BMW Z4 Review
BMW’s next big thing is the 1-Series coupe and convertible. Propellerheads are positively dizzy at the prospect of a new, small-ish, rear wheel-drive BMW offering a modicum of practicality, brand-faithful weight distribution and one of the company’s legendary in-line six-cylinder engines. Why it’s the 2002 reborn! Hello? Has the entire enthusiast community been neuralized? They seem to have forgotten the fact that BMW already sells a model answering to this description: the Z4 Coupe. Or, in fact, doesn’t, much. And for good reason: the Z4 is a rolling condemnation of BMW’s evolutionary commitment to ultimate driving, a four-wheeled cautionary tale for anyone blinded by the BMW badge.
If you think the new BMW 1-Series is a bit awkward looking, behold the Z4 Coupe. What's with that droopy line across the car’s doors? Perhaps the designer fell asleep at the table whilst his pencil trailed off into eternity. The diagonal slashes across the Z4’s flanks and face are positively maniacal. At the back, the coupe’s sloping roofline hits the Banglized trunk lid at the same place the rear haunches finish their… haunching. It's hard to say what happened here, but it's not good. It reminds me of the time I asked my four-year old cousin to get ready for bed and discovered him wearing his PJ pants as a shirt.
Mssrs. Style and Panache are MIA. The Z4’s front fascia looks as though a regular front end was mercilessly stretched over the frame. The headlights and grille are so far swept back they seem moments away from bursting, with the rest of the car popping out from behind. Ladies and gentlemen, that’s taking the phallic design shtick a little too far.
That said, BMW nailed the layout and proportions: ginormous hood, cabin out back and a rear deck so small it's a fast back. We’re talking classic sports car shape, in the great tradition of the Jaguar E-Type and Mercedes Gullwing. But so much of the Z4’s exterior is so wrong you wonder how in the world BMW managed to snatch hideousness from the jaws of classicism.
Things get better indoors. Ish. The Z4 offers a narrow, confining cockpit with all the space of a Manhattan condo. Build upwards! The Z4’s extremely comfortable, bolstered seats are screwed so close to the floorboards you wonder if Bimmer’s ergonomic engineers were anticipating the return of the fedora. This average Joe also found reaching the dash knobs a bit of a stretch. Not that you feel any aesthetic or tactile compulsion to do so…
Contemplating the Z4’s monolithic, any-color-as-long-as-it’s black dashboard is like setting your claustrophobia on broil. The obligatory aluminum or strangely colored wood accents lighten the cabin’s atmosphere about as effectively as a drug store flashlight in a darkened amphitheater. Rear visibility is conspicuous by its absence.
Nor do the details delight. The Z4’s component radio header is plopped into an abyss of plastic and sheets of metal/lumber, looking a bit like the face of the Jetsons’ robotic maid. Your hands will be thrilled though, for the Z4’s the steering wheel is the appropriate size, shape and diameter for what lies ahead.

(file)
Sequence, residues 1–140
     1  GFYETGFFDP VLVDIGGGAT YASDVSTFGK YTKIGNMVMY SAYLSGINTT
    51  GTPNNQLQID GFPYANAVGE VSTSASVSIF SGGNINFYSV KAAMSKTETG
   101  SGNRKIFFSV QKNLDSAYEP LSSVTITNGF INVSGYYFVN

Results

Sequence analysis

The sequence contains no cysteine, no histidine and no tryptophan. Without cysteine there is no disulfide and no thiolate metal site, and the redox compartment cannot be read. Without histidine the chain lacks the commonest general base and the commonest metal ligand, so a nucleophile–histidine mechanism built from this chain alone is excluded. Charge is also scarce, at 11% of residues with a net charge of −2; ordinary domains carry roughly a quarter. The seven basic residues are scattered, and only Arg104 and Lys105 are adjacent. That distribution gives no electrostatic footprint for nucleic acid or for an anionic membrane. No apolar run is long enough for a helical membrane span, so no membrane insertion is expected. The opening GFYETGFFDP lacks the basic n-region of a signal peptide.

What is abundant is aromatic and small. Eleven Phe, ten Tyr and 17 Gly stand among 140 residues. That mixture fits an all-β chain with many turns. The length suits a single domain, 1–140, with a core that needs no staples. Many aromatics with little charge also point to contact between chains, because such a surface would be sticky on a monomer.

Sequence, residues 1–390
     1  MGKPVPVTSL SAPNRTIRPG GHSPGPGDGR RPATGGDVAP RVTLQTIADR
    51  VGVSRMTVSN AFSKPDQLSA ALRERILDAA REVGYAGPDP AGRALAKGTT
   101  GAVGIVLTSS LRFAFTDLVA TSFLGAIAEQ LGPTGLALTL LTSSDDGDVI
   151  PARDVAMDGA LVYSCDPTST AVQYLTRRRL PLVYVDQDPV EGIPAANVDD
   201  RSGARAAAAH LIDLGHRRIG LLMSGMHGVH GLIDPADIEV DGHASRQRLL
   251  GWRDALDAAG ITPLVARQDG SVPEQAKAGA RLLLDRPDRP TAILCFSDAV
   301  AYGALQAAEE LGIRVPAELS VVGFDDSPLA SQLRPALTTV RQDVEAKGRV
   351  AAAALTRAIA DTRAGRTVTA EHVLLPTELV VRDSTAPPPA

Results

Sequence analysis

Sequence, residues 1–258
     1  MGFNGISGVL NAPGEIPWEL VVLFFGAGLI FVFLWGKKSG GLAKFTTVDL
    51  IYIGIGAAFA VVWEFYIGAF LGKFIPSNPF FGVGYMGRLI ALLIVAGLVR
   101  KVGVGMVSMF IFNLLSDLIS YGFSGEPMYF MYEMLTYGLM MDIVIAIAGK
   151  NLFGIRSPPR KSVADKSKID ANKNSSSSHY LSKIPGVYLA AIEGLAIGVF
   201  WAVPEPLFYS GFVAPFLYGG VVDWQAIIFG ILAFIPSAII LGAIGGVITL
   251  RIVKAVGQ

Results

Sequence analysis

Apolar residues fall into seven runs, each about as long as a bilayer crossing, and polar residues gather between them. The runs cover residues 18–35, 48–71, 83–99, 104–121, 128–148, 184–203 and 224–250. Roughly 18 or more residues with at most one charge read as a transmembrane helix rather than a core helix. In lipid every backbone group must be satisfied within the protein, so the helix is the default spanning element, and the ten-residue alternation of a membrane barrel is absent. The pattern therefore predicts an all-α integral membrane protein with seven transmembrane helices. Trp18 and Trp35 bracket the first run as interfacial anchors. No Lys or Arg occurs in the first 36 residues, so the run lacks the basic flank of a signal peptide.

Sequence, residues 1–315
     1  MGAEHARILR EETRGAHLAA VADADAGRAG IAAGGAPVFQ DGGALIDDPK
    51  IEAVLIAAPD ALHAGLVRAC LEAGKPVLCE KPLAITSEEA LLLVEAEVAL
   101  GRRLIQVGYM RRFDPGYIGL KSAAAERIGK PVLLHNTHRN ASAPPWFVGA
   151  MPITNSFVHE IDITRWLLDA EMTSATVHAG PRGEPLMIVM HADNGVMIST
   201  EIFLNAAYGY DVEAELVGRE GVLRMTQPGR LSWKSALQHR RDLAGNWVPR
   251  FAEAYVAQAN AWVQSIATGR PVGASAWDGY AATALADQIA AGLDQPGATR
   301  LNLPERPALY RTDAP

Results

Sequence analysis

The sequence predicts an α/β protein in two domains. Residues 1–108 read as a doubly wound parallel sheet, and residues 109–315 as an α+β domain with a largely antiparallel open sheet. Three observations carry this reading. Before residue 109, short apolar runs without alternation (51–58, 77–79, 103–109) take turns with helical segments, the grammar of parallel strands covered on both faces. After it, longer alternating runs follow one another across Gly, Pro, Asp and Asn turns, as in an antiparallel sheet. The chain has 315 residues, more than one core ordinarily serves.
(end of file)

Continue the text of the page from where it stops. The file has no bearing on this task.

The Z4’s inline six delivers exactly the sort of performance you'd expect from an engine with a well-stocked trophy case. The 3.0-liter engine is neither peaky (a la Honda) nor rpm challenged (as in GM's 3.6). In fact, it's as smooth as Marvin Gaye on a glass stage. Spinning the mill with the Z4's six-speed manual provides genuine joy, while the Steptronic auto (sourced from GM, thank you) is snappy and slick enough to tempt purists to try the commuter solution. Either way, you're playing with 255 horsepower– enough oomph to propel the 3108lbs. two-door from rest to 60mph in a hair under six seconds.
The Z4’s handling dynamics are the car's Achilles' heel, calf and thigh. The car is completely hamstrung by wide, overly stiff run-flat tires and needlessly-aggressive chassis tuning. Like the ill-fated Pontiac Solstice, grip exceeds power to the point of pointlessness. The Bimmer is so completely buttoned down you can practically hear it crying out for catharsis. The Si variant adds welcome feedback and the Z4M adds obscene power, but the standard car lacks any of the low speed or on-the-limit fun enjoyed by Mazda Miata drivers– never mind Boxster bashers.
Considering the Z4’s fundamentals– rear wheel drive, two seats, straight six– this car should be, at the least, a grand grand touring car. The engine and transmission are up to the job, but the car’s tires and suspension are stuck in egg-beater mode. Even worse, the Z4 is even uglier now than it was when the tennis shoe design first tempted sports car lovers. Rather than fix the Z4, BMW has opted to go back to square 1. I have no doubt the new 1-Series will be the better driver’s car, but a moment of silence please for a bold Bimmer that deserved better.
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